Interestingly, in the digital world, it has become possible to maintain many different identities as well; these identities can be imaginative and even contrary to any physical identity. There are thousands of online communities that focus on just about any topic imaginable. Joining those communities (usually) requires only an email address which can be obtained with relative anonymity from many sources, and it is very difficult to verify the physical identity of anyone who is a member of online communities. Sherry Turkle, a sociologist from MIT studied computer users’ sense of identity early in the days of Internet-mediated communication. She observed that many users at the time were creating multiple online identities and that many users were exploring different senses of identity through those online spaces, and Turkel (1995) began her book Life on the Screen with the observation,
At one level, the computer is a tool. It helps us write, keep track of our accounts, and communicate with others. Beyond this, computers offer us both new models of mind and a new medium in which to project our ideas and fantasies. Most recently, the computer has become even more than tool and mirror. We are able to step through the looking glass. We are living in virtual worlds. We may find ourselves alone as we navigate virtual oceans, unravel virtual mysteries, and engineer virtual skyscrapers. Increasingly, when we step through the looking glass, other people are there as well (9).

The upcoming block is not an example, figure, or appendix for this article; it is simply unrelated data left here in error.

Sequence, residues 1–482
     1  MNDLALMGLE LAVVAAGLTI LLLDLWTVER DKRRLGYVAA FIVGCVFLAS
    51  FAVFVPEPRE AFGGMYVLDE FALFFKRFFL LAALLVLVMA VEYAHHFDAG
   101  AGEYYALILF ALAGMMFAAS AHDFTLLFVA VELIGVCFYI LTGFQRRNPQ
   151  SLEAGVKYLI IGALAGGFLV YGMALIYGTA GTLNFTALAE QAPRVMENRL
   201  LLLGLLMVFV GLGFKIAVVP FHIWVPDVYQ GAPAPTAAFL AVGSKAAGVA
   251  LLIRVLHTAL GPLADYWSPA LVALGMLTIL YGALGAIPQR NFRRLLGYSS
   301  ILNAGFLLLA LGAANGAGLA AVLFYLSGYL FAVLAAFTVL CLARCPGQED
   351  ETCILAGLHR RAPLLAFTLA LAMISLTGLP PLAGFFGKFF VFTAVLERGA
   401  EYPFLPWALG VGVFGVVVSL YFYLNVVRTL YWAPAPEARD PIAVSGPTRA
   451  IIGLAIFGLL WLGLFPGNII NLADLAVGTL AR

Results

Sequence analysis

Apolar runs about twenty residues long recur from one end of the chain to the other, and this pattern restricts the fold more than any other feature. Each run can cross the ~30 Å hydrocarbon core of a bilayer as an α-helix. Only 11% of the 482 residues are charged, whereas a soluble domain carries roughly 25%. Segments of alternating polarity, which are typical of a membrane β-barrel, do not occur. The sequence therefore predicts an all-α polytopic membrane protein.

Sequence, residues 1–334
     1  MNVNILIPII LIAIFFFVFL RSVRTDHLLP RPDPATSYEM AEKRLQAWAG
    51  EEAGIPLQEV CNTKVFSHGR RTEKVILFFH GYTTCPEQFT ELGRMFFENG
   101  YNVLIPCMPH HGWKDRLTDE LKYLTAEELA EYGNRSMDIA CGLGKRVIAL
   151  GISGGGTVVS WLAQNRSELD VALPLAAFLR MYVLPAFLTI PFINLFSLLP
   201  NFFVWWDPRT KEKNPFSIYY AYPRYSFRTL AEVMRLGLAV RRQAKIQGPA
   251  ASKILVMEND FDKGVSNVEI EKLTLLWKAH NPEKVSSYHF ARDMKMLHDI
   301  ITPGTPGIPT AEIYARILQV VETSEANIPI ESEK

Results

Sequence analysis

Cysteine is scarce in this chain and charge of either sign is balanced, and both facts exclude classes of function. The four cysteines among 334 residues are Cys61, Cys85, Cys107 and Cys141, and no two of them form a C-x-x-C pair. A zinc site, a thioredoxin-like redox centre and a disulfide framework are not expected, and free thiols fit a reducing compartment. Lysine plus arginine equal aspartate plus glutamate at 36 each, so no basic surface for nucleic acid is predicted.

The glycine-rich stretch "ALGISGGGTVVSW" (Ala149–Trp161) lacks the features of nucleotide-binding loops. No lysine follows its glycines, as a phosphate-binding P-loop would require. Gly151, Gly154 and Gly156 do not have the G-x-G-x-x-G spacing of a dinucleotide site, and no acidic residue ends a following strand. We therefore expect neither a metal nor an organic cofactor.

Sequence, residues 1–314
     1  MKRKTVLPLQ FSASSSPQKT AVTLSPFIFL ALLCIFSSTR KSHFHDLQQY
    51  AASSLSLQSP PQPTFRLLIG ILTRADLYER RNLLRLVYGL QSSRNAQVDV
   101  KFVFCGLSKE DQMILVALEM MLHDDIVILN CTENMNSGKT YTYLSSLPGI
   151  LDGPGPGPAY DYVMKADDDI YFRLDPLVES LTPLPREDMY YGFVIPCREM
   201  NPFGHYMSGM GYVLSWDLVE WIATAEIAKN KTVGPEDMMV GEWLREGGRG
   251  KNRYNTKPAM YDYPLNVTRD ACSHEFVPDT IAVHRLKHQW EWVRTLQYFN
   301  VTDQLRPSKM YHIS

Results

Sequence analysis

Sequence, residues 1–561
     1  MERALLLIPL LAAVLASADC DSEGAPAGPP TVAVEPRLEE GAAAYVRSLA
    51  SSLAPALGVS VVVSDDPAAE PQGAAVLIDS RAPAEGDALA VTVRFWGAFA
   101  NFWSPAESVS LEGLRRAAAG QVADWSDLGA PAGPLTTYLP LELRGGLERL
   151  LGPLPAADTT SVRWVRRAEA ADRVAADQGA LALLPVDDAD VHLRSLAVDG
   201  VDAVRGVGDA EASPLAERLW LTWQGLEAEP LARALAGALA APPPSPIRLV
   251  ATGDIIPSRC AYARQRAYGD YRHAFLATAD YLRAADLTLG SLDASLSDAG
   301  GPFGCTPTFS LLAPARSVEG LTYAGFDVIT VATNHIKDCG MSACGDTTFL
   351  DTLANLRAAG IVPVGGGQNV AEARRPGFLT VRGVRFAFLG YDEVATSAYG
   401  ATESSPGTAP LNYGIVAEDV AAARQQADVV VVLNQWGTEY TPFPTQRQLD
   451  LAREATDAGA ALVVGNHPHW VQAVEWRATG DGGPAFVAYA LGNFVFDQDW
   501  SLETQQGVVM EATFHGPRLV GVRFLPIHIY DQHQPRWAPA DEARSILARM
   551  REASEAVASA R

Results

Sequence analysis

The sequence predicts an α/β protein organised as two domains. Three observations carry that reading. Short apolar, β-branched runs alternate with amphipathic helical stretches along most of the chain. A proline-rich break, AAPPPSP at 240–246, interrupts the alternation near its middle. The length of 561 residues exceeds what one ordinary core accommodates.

Turkle’s observations proved to be an accurate prediction about the future of the Internet as it was an observation of the initial days of the Internet. Today, members of the digital generations are creating an online presence at an early age, and they demonstrate an openness and comfort in living online in a manner that is disconcerting and perceived to be artificial to those who belong to pre-digital generations.
Turkle, Sherry. 1995. Life on the Screen: Identity in the Age of the Internet. New York: Simon & Schuster.